Toxic Siblings After Their Parent’s Death

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“A sibling does not have legal rights to inheritance unless both parents have died. The surviving spouse may also be able to claim inheritance rights if they become mentally incompetent. Whether the parents left a will determines the circumstances surrounding their inheritance rights. Despite a will, a toxic sibling relationship or dealing with an estranged sibling can still cause problems.”

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Toxic Siblings After Their Parent’s Death

If you are responsible for executing your parents’ assets and trusts, it is crucial to know your siblings’ rights after their parents’ passing. This article discusses dealing with Toxic Siblings After Their Parent’s Death.


What Are Siblings’ Rights After Parents’ Death?

After the death of a parent, siblings’ rights can be complicated and vary. Nonetheless, inheritance issues are among the most important ones they must handle.

An only child’s inheritance rights are relatively straightforward, but the situation becomes much more difficult if you have siblings. Inheritance rights can differ greatly depending on individual, specific circumstances. If you’re planning an estate, it is important to understand sibling inheritance laws as much as possible.


How Can Parents Divvy Up Minor Items?

There can be a long-lasting effect on a family when a dispute arises over a treasured but valueless picture. It is wise to take specific steps to avoid disputes after a parent passes away to prevent siblings from arguing over household items or other minor items.


Give Gifts During Lifetime

The parent may wish to distribute their everything before they die. A parent might gift rings, bracelets, and necklaces to each daughter as a birthday or holiday gift, for example, if they have two daughters.

Assume the value of the items is less than the annual gift tax exclusion in 2022 and 2023, and you can use this gifting strategy. As a result, tax filers can give away up to $16,000 or $17,000 per person without paying taxes.1 Items worth more must be reported to the IRS and may be subject to the gift tax.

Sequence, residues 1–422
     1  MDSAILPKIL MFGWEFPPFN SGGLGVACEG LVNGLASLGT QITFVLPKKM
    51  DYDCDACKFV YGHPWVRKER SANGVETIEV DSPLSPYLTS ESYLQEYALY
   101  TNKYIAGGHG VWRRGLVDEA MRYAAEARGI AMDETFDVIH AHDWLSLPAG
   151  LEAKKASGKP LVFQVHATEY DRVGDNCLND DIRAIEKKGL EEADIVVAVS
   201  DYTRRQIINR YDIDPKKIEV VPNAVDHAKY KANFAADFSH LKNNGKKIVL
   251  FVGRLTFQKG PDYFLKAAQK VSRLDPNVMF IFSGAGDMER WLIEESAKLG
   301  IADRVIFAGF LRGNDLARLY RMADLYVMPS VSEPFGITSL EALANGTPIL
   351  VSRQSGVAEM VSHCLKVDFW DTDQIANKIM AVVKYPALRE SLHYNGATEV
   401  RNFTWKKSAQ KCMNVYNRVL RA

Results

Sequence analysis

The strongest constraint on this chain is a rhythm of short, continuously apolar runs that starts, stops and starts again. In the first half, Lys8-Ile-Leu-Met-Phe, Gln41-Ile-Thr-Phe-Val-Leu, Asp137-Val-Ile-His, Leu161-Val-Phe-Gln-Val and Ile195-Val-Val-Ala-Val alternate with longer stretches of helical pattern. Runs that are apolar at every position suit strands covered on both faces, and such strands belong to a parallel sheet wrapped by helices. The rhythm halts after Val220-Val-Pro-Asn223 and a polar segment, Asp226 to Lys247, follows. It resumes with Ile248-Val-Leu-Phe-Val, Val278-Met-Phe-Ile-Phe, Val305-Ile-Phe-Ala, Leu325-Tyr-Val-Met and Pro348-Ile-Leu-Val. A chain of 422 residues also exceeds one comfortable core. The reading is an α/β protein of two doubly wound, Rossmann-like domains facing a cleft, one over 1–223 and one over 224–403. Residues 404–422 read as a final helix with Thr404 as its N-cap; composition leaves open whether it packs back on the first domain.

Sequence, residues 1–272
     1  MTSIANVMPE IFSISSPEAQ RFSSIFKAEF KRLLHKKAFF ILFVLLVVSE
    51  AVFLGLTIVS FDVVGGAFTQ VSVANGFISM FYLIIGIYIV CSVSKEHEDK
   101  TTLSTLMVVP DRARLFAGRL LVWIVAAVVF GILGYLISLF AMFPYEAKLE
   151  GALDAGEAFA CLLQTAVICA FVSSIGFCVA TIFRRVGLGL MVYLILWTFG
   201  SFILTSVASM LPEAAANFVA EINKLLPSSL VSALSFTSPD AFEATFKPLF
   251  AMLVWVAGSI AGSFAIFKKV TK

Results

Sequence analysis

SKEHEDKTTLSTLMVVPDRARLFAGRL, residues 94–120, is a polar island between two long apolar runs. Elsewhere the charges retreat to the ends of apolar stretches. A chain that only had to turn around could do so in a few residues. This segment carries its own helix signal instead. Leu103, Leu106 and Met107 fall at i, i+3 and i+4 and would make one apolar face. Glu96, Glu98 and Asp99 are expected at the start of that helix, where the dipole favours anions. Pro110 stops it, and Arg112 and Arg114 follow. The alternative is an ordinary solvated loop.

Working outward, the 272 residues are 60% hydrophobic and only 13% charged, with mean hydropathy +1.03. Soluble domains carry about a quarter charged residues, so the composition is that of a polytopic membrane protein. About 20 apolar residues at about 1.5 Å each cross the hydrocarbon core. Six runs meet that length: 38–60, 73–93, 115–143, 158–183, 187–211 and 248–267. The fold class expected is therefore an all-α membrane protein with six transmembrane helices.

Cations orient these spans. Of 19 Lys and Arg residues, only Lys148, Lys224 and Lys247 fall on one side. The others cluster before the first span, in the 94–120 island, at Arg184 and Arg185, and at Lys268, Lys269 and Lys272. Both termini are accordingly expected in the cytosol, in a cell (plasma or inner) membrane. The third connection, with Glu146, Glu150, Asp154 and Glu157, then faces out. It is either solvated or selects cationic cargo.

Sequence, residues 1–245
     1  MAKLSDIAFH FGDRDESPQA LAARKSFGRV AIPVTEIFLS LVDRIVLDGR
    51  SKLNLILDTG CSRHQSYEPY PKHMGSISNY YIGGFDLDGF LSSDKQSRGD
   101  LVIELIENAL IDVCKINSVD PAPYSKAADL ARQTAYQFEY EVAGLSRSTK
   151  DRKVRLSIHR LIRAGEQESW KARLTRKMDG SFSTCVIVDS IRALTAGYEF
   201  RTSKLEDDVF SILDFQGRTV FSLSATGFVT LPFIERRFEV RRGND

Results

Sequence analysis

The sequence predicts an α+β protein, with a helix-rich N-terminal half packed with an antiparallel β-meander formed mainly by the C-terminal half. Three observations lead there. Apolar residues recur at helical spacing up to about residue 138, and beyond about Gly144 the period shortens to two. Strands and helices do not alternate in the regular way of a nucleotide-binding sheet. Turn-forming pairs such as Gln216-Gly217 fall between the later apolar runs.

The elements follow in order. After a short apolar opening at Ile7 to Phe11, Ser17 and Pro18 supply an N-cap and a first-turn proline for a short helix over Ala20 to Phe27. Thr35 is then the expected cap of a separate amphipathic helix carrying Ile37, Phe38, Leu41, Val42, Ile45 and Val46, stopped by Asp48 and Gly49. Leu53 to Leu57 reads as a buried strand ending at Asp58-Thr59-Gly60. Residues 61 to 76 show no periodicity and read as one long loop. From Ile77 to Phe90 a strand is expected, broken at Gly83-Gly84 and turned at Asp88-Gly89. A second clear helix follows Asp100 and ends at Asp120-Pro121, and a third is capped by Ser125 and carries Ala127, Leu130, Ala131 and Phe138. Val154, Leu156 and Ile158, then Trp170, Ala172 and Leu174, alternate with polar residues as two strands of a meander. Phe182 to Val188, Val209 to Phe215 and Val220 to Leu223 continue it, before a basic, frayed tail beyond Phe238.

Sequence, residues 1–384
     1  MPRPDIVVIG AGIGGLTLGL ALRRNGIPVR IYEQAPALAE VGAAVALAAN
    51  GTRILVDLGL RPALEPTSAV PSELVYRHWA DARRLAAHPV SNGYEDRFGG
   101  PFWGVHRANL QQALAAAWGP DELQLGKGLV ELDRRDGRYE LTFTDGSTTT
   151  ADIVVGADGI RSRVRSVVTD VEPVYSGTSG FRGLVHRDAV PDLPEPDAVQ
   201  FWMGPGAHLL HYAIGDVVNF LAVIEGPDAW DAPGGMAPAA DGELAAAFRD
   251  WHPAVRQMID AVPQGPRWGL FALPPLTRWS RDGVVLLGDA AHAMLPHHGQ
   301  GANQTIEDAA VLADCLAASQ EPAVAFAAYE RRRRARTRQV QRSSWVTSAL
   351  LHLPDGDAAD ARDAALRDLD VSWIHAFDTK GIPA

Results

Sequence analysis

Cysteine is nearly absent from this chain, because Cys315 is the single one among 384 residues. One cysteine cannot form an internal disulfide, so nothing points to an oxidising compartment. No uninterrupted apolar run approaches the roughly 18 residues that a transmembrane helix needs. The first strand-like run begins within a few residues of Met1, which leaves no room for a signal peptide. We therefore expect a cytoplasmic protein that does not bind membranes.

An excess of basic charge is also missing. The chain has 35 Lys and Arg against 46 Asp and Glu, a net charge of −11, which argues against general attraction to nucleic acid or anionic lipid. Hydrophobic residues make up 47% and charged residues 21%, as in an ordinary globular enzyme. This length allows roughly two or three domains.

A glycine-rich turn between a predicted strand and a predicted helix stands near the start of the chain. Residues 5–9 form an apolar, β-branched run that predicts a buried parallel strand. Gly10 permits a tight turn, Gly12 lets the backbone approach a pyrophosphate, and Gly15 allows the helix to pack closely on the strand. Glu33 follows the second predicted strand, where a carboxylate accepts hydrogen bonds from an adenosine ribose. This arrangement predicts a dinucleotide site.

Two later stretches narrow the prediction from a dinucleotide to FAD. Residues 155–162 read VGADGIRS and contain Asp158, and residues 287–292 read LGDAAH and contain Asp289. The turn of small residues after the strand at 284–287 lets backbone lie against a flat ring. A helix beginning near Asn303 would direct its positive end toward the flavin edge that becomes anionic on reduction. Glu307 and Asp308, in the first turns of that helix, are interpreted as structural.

Tag Items

Putting tags on important items, like lithographs or first-edition books, may sound tacky, but it can be helpful. The label should identify who will inherit it after the parent dies. Even though the tag does not obligate the sibling to receive the item, it indicates the parent’s intent and can help avoid sibling spats in the future.


Write a Letter of Instruction

Parents can write letters of instruction outlining who gets what. Again, a letter of instruction is not legally binding but serves as a guide to the parent’s wishes.


Are You Worried About a Toxic Sibling? Here’s What You Need to Know.


Trust laws are unknown to them.

It’s like having a second parent, except they want to control how you handle your estate rather than telling you what to do with your life. Whenever you are the executor, you need to prepare for them to ignore your role and try to dictate what you should do with the assets. You may even have to play the favorites card to get them a larger share of the assets.


They are always there to blame you.

In the process of executing trusts and wills, siblings often clash. If there’s one thing siblings agree on, it’s that they want what’s fair. However, what happens if one feels cheated?

Often, the other sibling can get out of the deal. There is always a way for a sibling who gets less, whether due to transparency or unequal asset distribution, to claim what they feel is rightfully held.


They make discouraging comments.

The criticisms from your sibling are the most hurtful because they know you better than anyone else. They may say anything to prove you cannot be the estate executor. Toxic siblings may make cutting remarks regarding physical, financial, or job obstacles. These comments might be cutting remarks concerning physical problems, financial difficulties, or job obstacles.